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Transcript of bus tour of "Jewish Las Vegas" by Temple Beth Sholom, May 17, 2015

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Temple Beth Sholom organized and led a bus tour of parts of Las Vegas that are significant in local Jewish history. Stops on the tour included Woodlawn Cemetery and the former Temple Beth Sholom campus on Oakey Boulevard. Narrator Arlene Blut gives the overview of the Jewish community, and Rabbi Felipe Goodman talks to tour participants at the cemetery. Former Las Vegas mayor Oscar Goodman speaks at the old synagogue along with Josh Abbey, whose mother created the stained glass windows at the temple.

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jhp000177. Southern Nevada Jewish Heritage Project Community Collection, 1941-2017. MS-00790. Special Collections and Archives, University Libraries, University of Nevada, Las Vegas. Las Vegas, Nevada.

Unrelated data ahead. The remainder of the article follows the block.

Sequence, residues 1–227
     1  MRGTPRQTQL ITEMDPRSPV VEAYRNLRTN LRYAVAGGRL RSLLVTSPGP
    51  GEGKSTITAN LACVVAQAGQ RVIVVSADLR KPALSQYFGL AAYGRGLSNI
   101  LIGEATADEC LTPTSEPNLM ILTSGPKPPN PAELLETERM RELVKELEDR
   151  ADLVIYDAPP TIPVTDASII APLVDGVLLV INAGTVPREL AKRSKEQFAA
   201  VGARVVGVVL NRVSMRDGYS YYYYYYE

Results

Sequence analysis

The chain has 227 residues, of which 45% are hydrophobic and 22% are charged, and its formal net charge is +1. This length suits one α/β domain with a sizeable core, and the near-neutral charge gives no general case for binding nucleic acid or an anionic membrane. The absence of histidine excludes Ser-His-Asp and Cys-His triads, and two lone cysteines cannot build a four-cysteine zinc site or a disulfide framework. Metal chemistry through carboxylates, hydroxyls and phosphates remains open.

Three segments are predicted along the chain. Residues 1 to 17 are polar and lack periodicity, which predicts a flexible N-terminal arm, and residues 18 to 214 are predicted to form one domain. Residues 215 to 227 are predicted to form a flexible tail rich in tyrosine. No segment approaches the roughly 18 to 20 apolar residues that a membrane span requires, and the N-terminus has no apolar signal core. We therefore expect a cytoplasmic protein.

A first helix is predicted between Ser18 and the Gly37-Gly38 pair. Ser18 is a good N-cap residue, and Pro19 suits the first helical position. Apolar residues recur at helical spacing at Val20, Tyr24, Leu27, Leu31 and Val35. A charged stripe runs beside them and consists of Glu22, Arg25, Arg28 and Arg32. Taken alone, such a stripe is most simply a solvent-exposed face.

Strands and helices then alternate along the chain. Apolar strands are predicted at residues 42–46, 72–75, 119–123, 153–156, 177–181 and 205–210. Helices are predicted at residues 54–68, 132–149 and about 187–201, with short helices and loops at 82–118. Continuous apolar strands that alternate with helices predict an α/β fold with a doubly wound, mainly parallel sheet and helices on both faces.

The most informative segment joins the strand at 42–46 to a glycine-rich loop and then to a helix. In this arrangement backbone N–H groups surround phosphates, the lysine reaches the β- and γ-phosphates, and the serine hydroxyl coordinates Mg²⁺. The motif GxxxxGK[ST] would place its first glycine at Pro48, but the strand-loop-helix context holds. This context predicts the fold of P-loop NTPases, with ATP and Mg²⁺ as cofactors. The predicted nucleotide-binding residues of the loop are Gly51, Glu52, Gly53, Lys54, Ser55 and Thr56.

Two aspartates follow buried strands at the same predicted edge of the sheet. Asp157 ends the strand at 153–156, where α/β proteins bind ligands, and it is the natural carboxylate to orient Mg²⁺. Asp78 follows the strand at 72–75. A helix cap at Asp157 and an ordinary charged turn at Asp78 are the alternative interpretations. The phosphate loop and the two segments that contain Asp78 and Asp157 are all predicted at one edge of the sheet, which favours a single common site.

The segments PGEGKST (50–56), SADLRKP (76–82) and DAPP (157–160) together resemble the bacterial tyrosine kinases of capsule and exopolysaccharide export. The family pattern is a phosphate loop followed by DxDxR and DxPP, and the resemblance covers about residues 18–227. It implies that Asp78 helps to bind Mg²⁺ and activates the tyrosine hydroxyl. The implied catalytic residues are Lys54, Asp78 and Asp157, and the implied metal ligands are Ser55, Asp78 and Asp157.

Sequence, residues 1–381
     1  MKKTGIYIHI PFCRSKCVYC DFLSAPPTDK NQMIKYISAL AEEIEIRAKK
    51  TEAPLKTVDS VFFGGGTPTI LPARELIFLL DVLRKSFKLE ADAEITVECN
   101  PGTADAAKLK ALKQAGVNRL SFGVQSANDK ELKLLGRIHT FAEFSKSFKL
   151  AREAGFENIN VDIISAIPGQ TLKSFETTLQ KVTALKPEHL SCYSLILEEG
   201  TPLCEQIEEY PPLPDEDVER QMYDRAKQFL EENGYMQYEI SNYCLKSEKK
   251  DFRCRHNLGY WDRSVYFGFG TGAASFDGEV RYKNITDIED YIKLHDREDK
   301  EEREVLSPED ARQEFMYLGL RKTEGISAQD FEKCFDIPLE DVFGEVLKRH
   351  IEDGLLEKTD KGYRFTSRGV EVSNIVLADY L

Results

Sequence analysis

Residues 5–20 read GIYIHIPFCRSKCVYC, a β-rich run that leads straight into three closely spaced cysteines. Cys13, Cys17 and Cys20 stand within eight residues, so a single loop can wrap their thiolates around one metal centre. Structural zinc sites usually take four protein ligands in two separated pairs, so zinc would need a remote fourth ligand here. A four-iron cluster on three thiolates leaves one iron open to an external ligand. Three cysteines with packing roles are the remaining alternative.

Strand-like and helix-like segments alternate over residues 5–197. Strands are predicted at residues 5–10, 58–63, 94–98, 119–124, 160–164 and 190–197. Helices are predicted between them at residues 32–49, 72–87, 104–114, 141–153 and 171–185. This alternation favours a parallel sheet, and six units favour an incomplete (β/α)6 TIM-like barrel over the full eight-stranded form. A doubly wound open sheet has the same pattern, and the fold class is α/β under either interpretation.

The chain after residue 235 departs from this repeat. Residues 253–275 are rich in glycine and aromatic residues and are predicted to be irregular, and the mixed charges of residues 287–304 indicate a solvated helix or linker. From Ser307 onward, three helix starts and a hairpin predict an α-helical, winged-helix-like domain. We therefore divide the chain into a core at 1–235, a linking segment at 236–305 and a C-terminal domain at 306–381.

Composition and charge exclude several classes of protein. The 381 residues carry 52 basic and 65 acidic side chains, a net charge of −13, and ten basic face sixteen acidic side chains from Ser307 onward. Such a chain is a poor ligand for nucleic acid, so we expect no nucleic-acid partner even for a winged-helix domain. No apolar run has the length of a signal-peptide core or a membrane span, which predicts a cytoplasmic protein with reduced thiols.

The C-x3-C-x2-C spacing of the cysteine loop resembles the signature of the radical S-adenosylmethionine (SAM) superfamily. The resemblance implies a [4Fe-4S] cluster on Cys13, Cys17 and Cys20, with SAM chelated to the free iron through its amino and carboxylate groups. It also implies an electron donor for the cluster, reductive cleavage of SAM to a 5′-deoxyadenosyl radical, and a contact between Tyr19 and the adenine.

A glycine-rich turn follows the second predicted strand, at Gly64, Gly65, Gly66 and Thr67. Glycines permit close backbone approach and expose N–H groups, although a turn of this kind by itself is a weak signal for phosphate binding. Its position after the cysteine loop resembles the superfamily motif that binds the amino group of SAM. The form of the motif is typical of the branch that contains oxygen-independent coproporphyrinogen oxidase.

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A BUS TOUR OF "JEWISH LAS VEGAS" Hosted by Temple Beth Sholom, narrated by Arlene Blut and others May 17, 2015 NOTE: This event was coordinated, hosted and conducted by Temple Beth Sholom (Las Vegas, Nev.) on May 17, 2015. The Oral History Research Center of UNLV Libraries, University of Nevada Las Vegas, digitally recorded the audio during the bus tour and location stops, which include Woodlawn Cemetery and the former Temple Beth Sholom campus at 1600 Oakey Blvd. The audio was transcribed as part of the Southern Nevada Jewish Community Digital Heritage Project. The Southern Nevada Jewish Community Digital Heritage Project Oral History Research Center at UNLV University Libraries University of Nevada Las Vegas i ?Southern Nevada Jewish Community Digital Heritage Project University of Nevada Las Vegas, 2014 Produced by: The Oral History Research Center at UNLV - University Libraries Director: Claytee D. White Project Manager: Barbara Tabach Transcriber: Kristin Hicks Interviewers: Barbara Tabach, Claytee D. White Editors and Project Assistants: Maggie Lopes, Stefani Evans ii The transcript was been made possible through the generosity of a Library Services and Technology Act (LSTA) Grant. The Oral History Research Center enables students and staff to work together with community members to generate this selection of first-person narratives. The participants in this project thank University of Nevada Las Vegas for the support given that allowed an idea the opportunity to flourish. The transcript received minimal editing that includes the elimination of fragments, false starts, and repetitions in order to enhance the reader's understanding of the material. All measures have been taken to preserve the style and language of the narrator. In several cases photographic sources accompany the individual interviews with permission of the narrator. The following interview was transcribed under the auspices of the Southern Nevada Jewish Community Digital Heritage Project. Claytee D. White Director, Oral History Research Center University Libraries University of Nevada Las Vegas iii NOTE: This event was coordinated, hosted and conducted by Temple Beth Sholom (Las Vegas, Nev.) on May 17, 2015. The Oral History Research Center of UNLV Libraries, University of Nevada Las Vegas, digitally recorded the audio during the bus tour and location stops, which include Woodlawn Cemetery and the former Temple Beth Sholom campus at 1600 Oakey Blvd. The audio was transcribed as part of the Southern Nevada Jewish Community Digital Heritage Project. Named narrators: Abbey, Joshua "Josh" Blut, Arlene Blut, Jerome "Jerry" Collins, Lori Goodman, Felipe (Rabbi) Goodman, Oscar Steinberg, Faye Wilner, Martin "Marty" ARLENE: I'm going to quote Adele Baratz, who came here in 1928. She knows where all the bodies are buried. She said, "No sturdier population has grown from such small beginnings as had the Jewish community in Las Vegas." When she came, there were two people of the Jewish faith; there was Eddie, the part-time news boy, and Abe, the tailor. Those were the guys. Others who came after, while Boulder Dam was being constructed, had no idea what the late-comers would build in this city of destiny. The first beginnings of the Jewish community in Las Vegas came through the efforts of Nate Mack. I want to tell you there are two major Mack families. One is very active in Temple Beth Sholom. The Macks I'm going to be talking about were the original Macks in Las Vegas, a whole other family. Thomas and Mack is named after them. They started Valley Bank. I'm sure you all know who that family is. In any case, it was Nate Mack who came to Las Vegas during the Boulder Dam era and found nine of his countrymen here. Mack saw the possibilities of the area early on and knew that if the city continued its growth, the Jewish population would grow in proportion. So he set about organizing the Jewish Community Center; that was our original name. According to Adele Baratz, who came as an infant in '28, a few Jewish people were here. Her mother used to cook for them at the back of the store. Her father worked for a bootlegger, a bootlegger material's person. Yes, he did. There were about twenty-five altogether and they used to gather in the back of the bootlegger store. They prayed and they taught Judaism to their children. I don't think they got to sample anything. It was held in someone's house and occasional services were held in the Eagle's Hall on Fremont Street. It's no longer there, unfortunately. For several years the community arranged for a cantor from L.A. to conduct the services for the High Holidays and for a service in those days at the Mack home at number seven Bonneville, also no longer there. Sandy and I drove up and down Bonneville; there is no number seven. It was tough to have a service in those days as there were only ten men. You know what it takes to make a minyan? The ten men. So they all had to be present. When the community grew larger and more Jews arrived, by the years '43-44, the High Holidays were held in the rectory of the Catholic Church at Second and Bridger, also not there, and in 1945 in the old Elks building. Did I tell you that's not there? Led by the Mack brothers, a group of dedicated citizens gathered pledges to construct a building. In September '46, in time for the High Holidays, the Las Vegas Jewish Community Center at 1229 Carson?it's there; we're going?was erected for twenty-six thousand dollars. FEMALE: Spendthrifts. ARLENE: Spendthrifts, right, but they paid their pledges. Within a year everyone had met their pledges and the mortgage was burned. They didn't want any money up front. I'm quoting Adele now. "First, they built the building then they 2 collected the money. They got a hundred percent of the money pledged. Nate Mack was criticized because he was building the structure too large and they thought it was too far out of the city." Wait till you see where it is. At Carson Street address, her brother was collecting the tickets on the High Holidays. Well, Joe E. Lewis?I don't know if you guys remember him, a famous comedian at the time? came with his secretary. He had no ticket. The brother wouldn't let him in. He had his secretary write a check there and then and they got in. One of the high points of the center's activities came in 1947 when the local center sponsored the big show to the United Jewish Appeal. They brought Eddie Cantor to Las Vegas for the affair. They were great days. A total of forty thousand dollars was raised, the highest per capita contribution made by Jewish people anywhere in the United States. After that Israel was born. I'm not sure if it was born because of the money raised in Las Vegas, but in 1948, Israel was formed. We get to the fifties. Adele says, "The 1950s were wonderful in the beginning, like a family; everyone working for a common good." That's Adele. "A growing contingent of Jewish hotel owners in the fifties meant holiday dinners at the Dunes, Riviera, Sahara. Jack Entratter was the entertainment director at the Sands. He brought in people like Steve Lawrence and Metropolitan Opera star Jan Peerce to sing the Kol Nidre for Yom Kippur." "By 1957, membership had grown to a hundred seventy-five families. As the center became overcrowded"?remember they thought it was too big??"fundraising began anew. There were benefit fashion shows, plays, pool party at the Last Frontier"?not there?"where Phil Silvers, Ray Bolger and Hopalong Cassidy auctioned their autographs. The top cash producer, though, was the annual gin rummy tournament hosted by the casinos." We'll come 3 back to the gin rummy tournaments. "In '52, they placed posters in every hotel in town advertising seats for the High Holidays." This was done right up to when I came?yeah, the ladies were selling raffle tickets in the hotels always, right? FEMALE: Fay Mushkin did that, didn't she? ARLENE: You bet. McClicken, may she rest in peace. Anyway, seats were always saved for members of the armed forces. As you know, the air force base is here. Louis Mack and Hank Greenspun?you may know that name, the original member of Temple Beth Sholom who started the Las Vegas Sun here?anyway, ran arms to Israel. Louis Mack and Hank Greenspun were appointed to telephone people prior to the holidays regarding buying aliyahs. Did you hear that, Rabbi? Okay. I think it's a great idea. The Jewish population in Las Vegas was about three hundred fifty families and the center had an adult membership of about two hundred. In 1954, the Passover Seder was held at the Silver Slipper. High Holidays were held in the Huntridge Theater. Side note: Lloyd Katz, member of the temple, owned the Huntridge Theater. He gave it for a fundraiser for the temple and they showed 12 Angry Men, classic. I'll tell you more about Lloyd later. Where was I? FEMALE: He was one of the first presidents. ARLENE: Absolutely. One of the first presidents of the board. A card and latke party for Hanukkah was held at the Silver Slipper and they raffled a white fox fur. I love that. That is so cute. Lloyd Katz requested that a men's club be formed. 4 All right. As they outgrew the community center, Irwin Molasky, who you may have heard that name, headed the building committee. With considerable help from the hotel owners' men, property was purchased at sixteen hundred East Oakey and groundbreaking took place in 1956, which we call the Old Temple which we'll be going to and you'll get a much better tour, as I said, from Josh Abbey. In 1956, a resolution in the bylaws, the board of trustees decided eighteen men would be on the board. So a motion was made that "the board shall be composed of eighteen members in good standing," which permitted both men and women to run. The motion was defeated thirteen to one. I'm looking for the one vote. In '56, a memo from Merv Adelson?Merv Adelson was a long-time member and one-time president. He owned Lorimar studios in Hollywood. He built Sunrise Hospital, the Boulevard Mall...I could go on...the?what's it called? FEMALE: That was Nate Adelson who did that. Merv Adelson's son. ARLENE: I'm sorry. Merv was his son. Nate Adelson who did that. Thank you. FEMALE: Related to Sheldon or no? ARLENE: Not at all. No relation. Sheldon was still driving a cab in Boston. Merv Adelson reported that the gin rummy tournament should replace the dinner at Moe Dalitz'. You all know the name Moe Dalitz? ALL: Yes. ARLENE: Can we talk? A little shady, kind of connected. At one time owned the Dunes. FEMALE: But retired. ARLENE: Retired from everything. 5 It was replaced by a gin rummy tournament because that made more money. All the hotels were being asked to participate and publicity was being arranged with Walter Winchell. You know that name? It's amazing, this history. And now what have you got? Me, Sandy and Flora. Jerry Lewis entertained the donors' luncheon at the Sands Hotel that year. It was suggested by a rabbi Dr. Bernard Cohen that we affiliate with the conservative movement by joining the United Synagogues of America. It was reported that Sabbath services in recent weeks have been attended by opera singer Jan Peerce and comedian Myron Cohen. A loan from the First National Bank of Nevada in the amount of two hundred thousand dollars for the completion of construction of the new temple had been approved with a guarantee from the resort hotels. What are the chances today? Sahara, Desert Inn, Riviera, Thunderbird Hotel, Fremont, Sands, El Rancho and the Tropicana. The gin rummy tournament was now under way by the board of directors of the Las Vegas Charities Foundation?this is all of the Las Vegas charities?with the understanding that the net proceeds from the tournament would be used for the payments called for on the note. And I think that's quite amazing, the whole community. If they failed to do so, the hotels were liable for up to twenty-five thousand dollars each plus interest for each hotel. Once again, women failed to get on the board. It was moved that the bylaws be amended to permit women to be elected as directors for the general meeting of the congregation. The motion was not acted on for a failure of a second. Have you ever? Were they scared? Moe Dalitz has accepted to serve on the board. No connection here, I'm sure. The importance of hiring a good executive director was discussed at length. The executive director would also be a part-time Hebrew teacher. On July 14th, 1958, Judge David Zenoff, who was very highly thought of in this community, moved that the Jewish Community Center be known as Beth 6 Sholom. Adoption of the name of Temple Beth Sholom was unanimous. Any questions yet that I can't answer? The red brick structure faced East Oakey in the southern section of Las Vegas. It continued to be the center of all Jewish activities for Southern Nevada. Remember, this is the only synagogue in town. The social hall and auditorium provide meeting places and activity rooms for all Jewish organizations, their temple men's club, Sisterhood, B'nai B'rith, men and women, AZA, B'nai B'rith Girls, Jewish War Veterans and its auxiliary, National Council of Jewish Women, and the Jewish Center Social Club. The largest congregation attended holy day services in the new temple in October 1958; over twelve hundred people occupied each seat in the chapel and in the assembly hall at Kol Nidre and memorial services. That's amazing. Jack Entratter?once again, the entertainment director at the Sands?suggested the Kolod Foundation be contacted about buying the ground for a Danny Kolod memorial. I am told he drown in Lake Mead. Do you know, Flora? FLORA: That's what I was told. He was twenty-three, I believe. He was a young man. ARLENE: And the reason that's relevant...You'll see that next to the temple and I'll tell you about it a little later. In 1959, a giant auction and bizarre sponsored by the temple men's club featured a special door prize?this is really good?a 1959 Norge freezer completely stocked with food. By May 1959, the schoolrooms were furnished, permanent seats were ordered for the sanctuary, the bema had been remodeled, a stage curtain donated, the kitchen completed, and Kolod memorial building being erected with landscape going forward. Temple Beth Sholom, if you don't mind, will be now referred to as TBS, okay? TBS 7 announced its first formal confirmation class service with six confirmations. The Huntridge Theater?I already told you about the 12 Angry Men, from Lloyd Katz. Temple president, now, was Jack Entratter. He announced a double ring ceremony at Temple Beth Sholom for Elizabeth Taylor and Eddie Fisher by Rabbi Bernard Cohen. Fisher appeared before Judge Zenoff with attorney David Goldwater, who was also a member, for his divorce that morning. There's a picture of that wedding in the hallway. Be sure and look if you haven't seen it, of the new temple. The 1960s brought the Six-Day War to Israel. The Danny Kolod Memorial Youth Center became a separate but adjoining building with complete recreational facilities, including a tennis court, and by 1963 it had a membership of a hundred and fifty boys and girls age nine to seventeen. Most of our kids went there and had a ball. TBS almost tripled its membership to four hundred families and seventy-five single memberships while the population of Southern Nevada doubled from the late fifties to the middle sixties. The original temple on Carson Street had been sold to the Greek Orthodox Church for seventy-seven thousand five hundred. That's still there, but the Greek Church has moved to an enormous building west. Lloyd Katz arranged for the fundraiser of Exodus at the Guild Theatre. To avoid attempted sabotage of demonstrations at the theater, both the temple and the theater will be patrolled. Now, tell me if I'm wrong on this. Lloyd also owned the Guild Theatre downtown, kind of an art theater. And I think the reason they had all of this patrolling was he started integration in Las Vegas and especially of his movie theaters. FEMALE: He and his wife marched for equal rights. ARLENE: His wife, who you also may know or have heard of, Edythe Katz, marched in the 8 march for integration and they're very active in many ways. FLORA: And also, Hank Greenspun was very active. ARLENE: And Flora says Hank Greenspun was also very active in that march. By the way, there is a movie coming out about the Moulin Rouge, which is a wonderful documentary. It has nothing to do with Temple Beth Sholom. It was a black nightclub here, casino that was fabulous. It's a whole other story. It's another bus ride. FEMALE: The Jewish Film Festival. ARLENE: I'll get to that, too. That's my baby. There were three hundred sixty guests at the Passover Seder, fourteen new members and a profit of eight hundred dollars. The Sands' chef cooked and staffed the dinner. Lloyd Katz arranged?well, I just told you that about Exodus downtown. There was a newly formed dance cotillion. A constant discussion of rules for a Jewish cemetery and its upkeep kept the board busy. It was suggested that upon completion of the work, the cemetery be properly dedicated. Rabbi will tell you all about that when we get there, and I think we're almost there. The men's club and Sisterhood combined efforts by staging Make a Million. Were you in that, Flora? It was cast with temple members. Sisterhood fashion shows were held in the Arabian Room at the Dunes Hotel. In 1963, the youth program at TBS, under the leadership of Cantor Cohen, expanded to the Hebrew school with a hundred? MALE: I have a question. ARLENE: Oh, question. Yes, sir. MALE: This is a comment. Not only is it very interesting, but we're about five minutes from 9 the cemetery. ARLENE: Oh, thank you. MALE: So the timing is going to be very good here. I'm just letting you know. ARLENE: Hey, for what I'm being paid, I'll give it my all. FEMALE: Good. You're doing a great job. ARLENE: You know gornisht? Okay. We're talking about the youth program in '63 at TBS with Cantor Cohen. It expanded the Hebrew school, a hundred seven pre-bar mitzvah and fifteen post-bar mitzvah students. Sunday school had one hundred sixty-one children. Little League teams, dancing classes, dancing parties, barbeques, lectures, arts and crafts instruction. FEMALE: Do I have the preschool in there somewhere? ARLENE: Yeah. And also Josh will talk...You know who was in the preschool at temple? Jerry says nobody knows or cares. But Senator Dick Bryan. Many gentile people went to the preschool at temple. FLORA: Oh, they all did. ARLENE: All of them. Flora says all of them. FLORA: In fact, it was the best preschool in town. So everybody went there. ARLENE: It still is. It got an award. MALE: I was going to tell you that I knew numerous non-Jewish friends here in Las Vegas who grew up in Las Vegas and most of them went to the temple preschool. I know well-known attorneys who played basketball as they were growing up at the Kolod Center and that was a place to go because there really wasn't? ARLENE: It was the only game in town. 10 MALE: ?anything else, any other facility for teenagers. FLORA: Arlene, when you talk about the preschool, Carson Street also started a preschool. ARLENE: Oh, thank you. FLORA: We have a picture of children on Carson Street. So education is always important when you build a synagogue. ARLENE: True. Right. Very true. Thank you. Should I stop? Yes? FEMALE: The community around the temple, was it just about all Jewish or what was it like? ARLENE: You mean around the temple? We're going to show you. But, yes, many Jews especially observant?my mother-in-law?lived near the temple so they could walk. We stayed at her house during the High Holidays. Sometimes we walked home with the Goodmans, Oscar and Carolyn. We lived close by. They still live in the house; we don't live in the house. Yes, we're going to show you some houses of people you know?the Steinbergs, both families, Leon and Irv; the Marshalls, who were very, very active in the temple; Adele's house; Miriam Sharp's house. I'm not sure that you know her. FLORA: She just passed away. There should be a map in here of the neighborhood with many of the people's names who lived around the temple. ARLENE: If you can't read it? FLORA: I didn't realize it was going to be so small. ARLENE: I've got it. I've got it. FLORA: When we drive by, hopefully put on your reading glasses and you'll be able to. ARLENE: Well, I've got the names here. So I can tell you whose house they were. FLORA: There really wasn't a Jewish neighborhood. 11 ARLENE: No. That was, I think, very important in the Jewish community was there was no ghetto. There was no Jewish neighborhood. There was no Jewish country club. I think it was a plus. Jews were very active in the community. I think they began the Las Vegas Country Club. But there was never this is the Jews and this is the gentiles. They've always grown up together, lived together, which was part of this city's charm, I think, very, very non-separated, unlike most communities I think in the United States. I personally grew up in Duluth. I don't have to tell you there was no Jewish ghetto in Duluth. My house. FLORA: The entrance is right here. [At the cemetery - Woodlawn Cemetery, 1500 N. Las Vegas Boulevard, Las Vegas, NV 89101 ] RABBI: So before I show you a couple of specific graves, I want to take just a couple of minutes to understand the relevance and the importance of Woodlawn Cemetery. It's a historical site in the United States, by the way, because of the first graves that are made here are for people who were born and buried in the eighteen hundreds. So it's a very, very important thing to understand. But also, wherever Jews stayed whether in the United States or anywhere else in the world?[Too much wind noise; indiscernible] So the relevance of having our own cemetery is very, very important. Now, this area right here is not owned by Temple Beth Sholom. Our area is on the other side of the cemetery. This actually is owned by the City of Las Vegas and [wind noise]. Now, on the other side of the road, we have some graves actually were purchased as a block of graves by Temple Beth Sholom, which is what Arlene was explaining at the very beginning. Now, I'm going to just tell you something that's very, very telling of a Jewish community. When I first moved to Las Vegas, I kept having this recurring nightmare that I was not going to 12 be able to be buried in Mexico. And a few people usually have that same thing. Oh, my God, I'm leaving now Chicago, but I want to be buried in Chicago. You cannot see yourself buried? I'm just mentioning Chicago; I just picked that randomly. You cannot see yourself being buried anywhere else but the place where you spent most of your life until that time. So for people to actually acquire a cemetery and start burying their family members here, it's much more of a statement not only of I'm Jewish; I bury my dead in a special way, but also I am part of a city; I am here to stay and I'm not going. So one of the reasons...On the other side my father is buried here. I clearly passed that mental barrier at some point in my life and I said, "Listen, this is where I am. This is my city, my congregation, my community." And I think that all of us by virtue of being here and dedicating cemeteries like we did in Woodlawn are saying, The Jewish community in Las Vegas is here to stay and it's not leaving anytime soon. Believe it or not, cemeteries are not about the past, but are very much about the future because without the cemetery, community cannot exist. It is very, very difficult. Now, there were a lot of very, very wonderful people that were laid to rest in this section. I'm choosing one in particular right here. Get in closer. There were two people that to me were very, very old time. One was Philip Rosenberg and the other one was Charles Salton, who is Bill's brother, because they were here. I mean they came to Las Vegas very, very long ago. And Phil actually used to come to shul every Shabbat and used to sit in the same seat, took the same seat from Oakey at Temple Beth Sholom (indiscernible), had the same seat. And he was one of the most wonderful, amazing people I ever met in my life. Feel good stories, feel good life. When he died he left me his cufflinks. I always used to go to see him and say, "Look, I love your cufflinks." They were these huge like old Las Vegas cufflinks with a menorah on them. FEMALE: Bling. 13 RABBI: Yeah, but they're real bling. So the story is that the cufflinks were given to him by one of the mob bosses. He never told me who it was. Maybe he made it up; I don't know. But it's one of those things that really make you understand what this city was once all about. Like Jerry was saying, this is one of the only cities, small cities in America aside from something like New York or maybe Chicago that Jews really built with their own hands because you were empowered to really build this city. And Woodlawn Cemetery is a testimony to that. FEMALE: Etta Hormel, before your time, right, Felipe? RABBI: Yeah. That's the Sisterhood. FEMALE: Etta Hormel worked tirelessly at the gift shop on Oakey and she was president of I guess the women seniors and she was a fixture. FEMALE: She also worked at Beth Sholom. FEMALE: She also worked in the kitchen. RABBI: She also cooked. FEMALE: I was just going to say that she cooked for every event, all the Sisterhood lunches, all the Women's League lunches every time. It was fabulous. RABBI: So do you want to go to the other side? Let's go to the other side. We're going to see Adele Baratz. So I'm going to tell you a quick story. Make sure record what to tell her. FEMALE: I will. RABBI: So the Strausses?everybody remembers Ruth Goldfarb? Ruth Goldfarb who still comes to shul every Saturday now again. But Ruth was (indiscernible) and Ruth has been a really, really big force behind our congregation in a very special way. These are Ruth's father's parents. We have a Torah in our arc that actually is about three hundred years old, which is the 14 only Torah that we have that is not written on parchment; it is written on actual leather. Now, the unique thing about this story is not that it's three hundred years old; that's not uncommon. It's a Moroccan Torah and that's really unusual. It's a Torah that was written in Morocco; that's unusual on its own. But the Strausses came from Germany and they brought this Torah with them to the United States. They settled in New Jersey. They had a farm in New Jersey and then they came to Las Vegas with the Torah. They brought the Torah. FEMALE: They brought the Torah when they escaped from Germany from the Nazis. RABBI: Right. So the amazing thing is people say to you these days, If there was a crisis where you are and you needed to take some of your possessions, what would you take? So people would say, "Well, photographs, my passport, some money." But they took the Torah. This was their life. That Torah, again, Ruth doesn't know how it got to be that a Moroccan Torah ended up in Germany. It's very, very unusual. Nobody can explain it to us. But that is definitely the Torah they brought with them and that is definitely the Torah we have in our arc. It's one of those (indiscernible) in Jewish history. There was not a lot of cultural exchange at the beginning of the twentieth century between Morocco and Germany. So it's one of those things that is really unique about our congregation. We read from that Torah once in a while at Yom Kippur or Rosh Hashanah to honor Ruth's parents who are buried here. In my house I have?Ruth gave me as a gift?they also had a (shavez lamp), which now is a very, very prized possession by Jewish museums, which is a lamp that you put on your ceiling; it's shaped as a star, and you put oil on it. And as the oil burns, the lamp goes lower to illuminate better. It's a mechanical marvel of the Jewish people and it was used on Shabbat. You lit it at the beginning of Shabbat and it gave you light for the holy day. So I have that. It used to belong to Ruth's parents. 15 So it's a very, very emotional thing to be able to stand here and know that people like that really risked it all to come from the old country to the United States and then, again, right, because who went west to the desert? Imagine. Ruth was from Bavaria, which is a very nice green area of Europe, to Las Vegas. So just for you to imagine the cultural change twice in a lifetime. It's not easy. The history of the Jews in the United States...If you stayed on the East Coast, it's great. But if your parents came to the West Coast in the thirties or the forties or the fifties, it was a big deal. It's not just like you take a plane and you go. So that's why graves like these and history like this is so important, should be so important to us. And in understanding where we should be going in the future, we have to remember where they came from. Thank you so much for listening. I think it's a wonderful, wonderful (indiscernible). FAYE: Talk about Lena. She would go into homes that needed extra help. She would do things...Prior to a funeral, she would go and help with the Shiva. She would go help with everything. This is a remarkable woman that I loved. Lena, if she would say, "Faye, I need you," I'd say, "I'm coming." But she helped everybody and she did it in a quiet way. She was a remarkable woman. FEMALE: She lived across the street from Sarah. FAYE: Do you remember? FEMALE: Yes, I remember Lena very well. And she lived across the street from Sarah and they were best friends. Lena did not drive, but she managed to get to the hospitals. Every week she would go and visit the sick. FAYE: She would walk from temple to her home every day. FEMALE: Well, that was just a block or so. But she would manage to do whatever she could 16 do?I mean whatever was needed to be done, she did it without a big fuss. JERRY: I was just going to?Faye knew?my late mother, she was her best friend because they lived around the corner, my mother lived. FEMALE: How precious. JERRY: And they were both Orthodox and they would walk to the temple. RABBI: Before we leave I just want to share with you something else about the cemetery itself. When Gene Greenberg was president of the congregation?maybe a little bit before Gene, but Gene actually solidified it?we bought a tremendous amount of land on the other side of the cemetery and many of us have loved ones buried there. We have children, spouses, siblings, grandparents. We still have about a thousand plots on the other side of Woodlawn Cemetery. There was a time when Palm started developing their property in Henderson, many people chose to go there because this was not a comfortable area; it was downtown; people didn't like it that much. But as far as history goes and as far as we can attest, everybody who is buried here is actually Jewish. This is the only cemetery like that in Las Vegas, our sections of Woodlawn. I think that when they sat down and they bought those spaces over there, they didn't really realize the impact that it would have on our future. But it's very, very comfortable for us to have that because we know that no member of our congregation would ever go without a Jewish funeral if that would be the case. We could always do something for someone. Just for you to know, Temple Beth Sholom also participates with the community, with the Jewish community in our indigent burial understanding where rabbis throughout the community donate their services to bury people who can't afford to be buried and King David and the other funeral home also donate their services. But Temple Beth Sholom actually donates the plots to the indigent burials, which is something that nobody else does. You cannot quantify 17 that in money because it's invaluable. If we didn't have that the community would have to pay maybe two hundred thousand dollars a year in funerals for people to afford to be buried. So just for you to know, the relevance that our congregation still has in this community and the impact that we have is nothing to sneeze at; it's actually very, very significant and we should be very, very proud of it. FEMALE: To help bury the Jewish indigents or all? RABBI: Yes, for only Jewish indigents. I w